Edit, close to 24 hours after the fact: If you're coming to this post late and feel inclined to hammer me for it, please read the comments first. I was wrong all over the place and don't want you to have to point out things to me that others have done already.
Jesus. I wanted this post to be All About Me and the fact that my ewebsite has been rebuilt and is now interactive (yes, comments about the look and feel of it are more than welcome; at this point, most of you are familiar with most of the material that's on it), but instead I've spent hours reading various iterations of the Great Cultural Appropriation Debate of (January) 2009.
Some of you are already aware of it and I don't have the strength to try to summarize it — suffice it to say that that the starting point was matociquala's post about "writing the other". The ensuing discussion/flame-war(s) contain(s) links-a-plenty for those interested in pursuings it/them.
In a nutshell (as I understand/remember it — and note that my understanding has changed quite a bit over the past few days), matociquala's post was side-hijacked by a reply which suggested she was naive and (unconsciously) racist in some of her assumptions and before you knew it, the flame was on. Attacks were parried, counter-attacks launched and feelings were bruised left, right and centre. (And some very interesting light was shed, as well — three or four hours ago I ws prepared to sit down and write a screed about "professional victims" who find "racism" in every nook and cranny, but now I'm not so sure that wouldn't be to attack a couple of lunatics while ignoring a whole lot of interesting thinking. So I'll hold my fire in the larger battle until such time as I'm sure it's warranted.)
At least, sort of.
For those of you who are not fans (shocking!), the framing device for the episode was set on a planet (or at least a city) largely inhabited by people one can only presumed were of Chinese descent. The setting reminded me of what I imagine Hong Kong looked like in the 1970s and the actors spoke English like people only recently off the boat.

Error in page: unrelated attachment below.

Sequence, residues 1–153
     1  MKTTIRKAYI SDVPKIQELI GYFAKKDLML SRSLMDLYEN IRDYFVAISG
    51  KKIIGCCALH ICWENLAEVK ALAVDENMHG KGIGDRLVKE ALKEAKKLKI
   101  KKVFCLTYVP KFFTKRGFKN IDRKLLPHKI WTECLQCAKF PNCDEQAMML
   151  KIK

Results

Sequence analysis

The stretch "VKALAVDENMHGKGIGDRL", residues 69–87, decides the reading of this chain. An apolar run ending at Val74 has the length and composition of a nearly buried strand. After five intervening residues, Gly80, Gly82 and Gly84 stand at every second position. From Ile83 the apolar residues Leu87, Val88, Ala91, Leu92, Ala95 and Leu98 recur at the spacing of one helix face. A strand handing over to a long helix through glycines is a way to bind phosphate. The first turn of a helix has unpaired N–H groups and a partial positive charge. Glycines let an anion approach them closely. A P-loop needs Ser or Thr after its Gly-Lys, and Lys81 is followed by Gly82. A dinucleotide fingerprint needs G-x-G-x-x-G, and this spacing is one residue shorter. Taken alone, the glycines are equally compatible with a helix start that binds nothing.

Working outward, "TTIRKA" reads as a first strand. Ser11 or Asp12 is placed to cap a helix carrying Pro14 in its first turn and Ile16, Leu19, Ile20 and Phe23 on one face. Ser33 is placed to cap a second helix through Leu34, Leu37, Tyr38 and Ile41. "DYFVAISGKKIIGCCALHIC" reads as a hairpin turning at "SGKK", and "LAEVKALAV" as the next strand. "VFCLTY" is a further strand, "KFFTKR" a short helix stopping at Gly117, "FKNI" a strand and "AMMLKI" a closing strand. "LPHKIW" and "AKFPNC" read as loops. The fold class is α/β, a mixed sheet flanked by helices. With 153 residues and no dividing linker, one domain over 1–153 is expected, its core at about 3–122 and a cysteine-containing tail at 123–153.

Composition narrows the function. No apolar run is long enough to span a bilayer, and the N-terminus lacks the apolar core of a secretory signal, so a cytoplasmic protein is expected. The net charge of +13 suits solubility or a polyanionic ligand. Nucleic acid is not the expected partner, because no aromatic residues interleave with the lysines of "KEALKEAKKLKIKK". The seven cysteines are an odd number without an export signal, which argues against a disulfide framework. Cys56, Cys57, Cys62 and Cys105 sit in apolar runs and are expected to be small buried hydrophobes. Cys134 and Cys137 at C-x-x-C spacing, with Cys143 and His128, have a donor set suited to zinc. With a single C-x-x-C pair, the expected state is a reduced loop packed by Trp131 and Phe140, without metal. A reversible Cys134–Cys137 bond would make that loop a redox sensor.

I totally understand that, in terms of impact, intentionality does not matter. "Turn Left" affected me viscerally in ways that I'm sure RTD did not intend. Whether RTD intended it as an example of the whole "Dr Fu Man Chu" evil Chinese villain thing or not is utterly irrelevant to the textual analysis that shows we have people who are villains, who are evil, and, oh yeah, they happen to be foreign, exotic Chinese people. How ever RTD tries to justify it, I will still see it as an example of using the Chinese ethnicity as a short hand for "inscrutable, evil villain." Note that here, race is intrinsically a part of the text. (This is not the case with Patrick's statement. Racial context there was inferred.)
He also said,
i.e., I agree. "He didn't mean to" is not a meaningful rebuttal to "'Turn Left'makes use of the 'inscrutable Chinese villain'" trope." (This, BTW, does not mean that someone can not successfully explain to me why "Turn Left" is not, in fact, racist. It just means "He didn't mean to" will not do so successfully.)
There's one factual error above, and I suspect it's indicative of the over-sensitivity (I think) some people have when it comes to the portrayal of minorities/ethnics/people-of-colour.
On the other hand, presumably, Davies should get credit for setting a Doctor Who episode on a planet largely bereft of white people; but on the other, Doctor Who adventures pretty much demand that someone is a bad guy — and if the Doctor is on a planet colonized by Chinese people, the villain pretty much has to be Chinese, doesn't
The "factual error" I referred to was in prusik use of the term, "'inscrutable Chinese villain'" trope." To my eyes, the villain was not at all "inscrutable", but was, rather, duplicitous and — her plot foiled — emotional.
Yes, the episode's framing device was set on a world (or city) that appeared to be a lot like a western image of (industrial) China; yes, the villain was ethnically Chinese.
But so what?
Does the fact that Russell T. Davies is a white Englishman preclude him from telling stories set in other (human) cultures?*
Does being "sensitive" mean that Davies cannot (legitimately) cast "people of colour" as villains?
Quite seriously, am I missing something important here?
If I haven't made it abundantly clear, I don't think I am. But I'd be very interested in hearing why you think I'm wrong, if you do.
*For the record, I realize that no one criticizing him on LJ is in a position to stop Davies from setting stories, and casting them, anywhere he wants. My question is about the intention of the criticism, not its (non-existent) censorial powers or intent.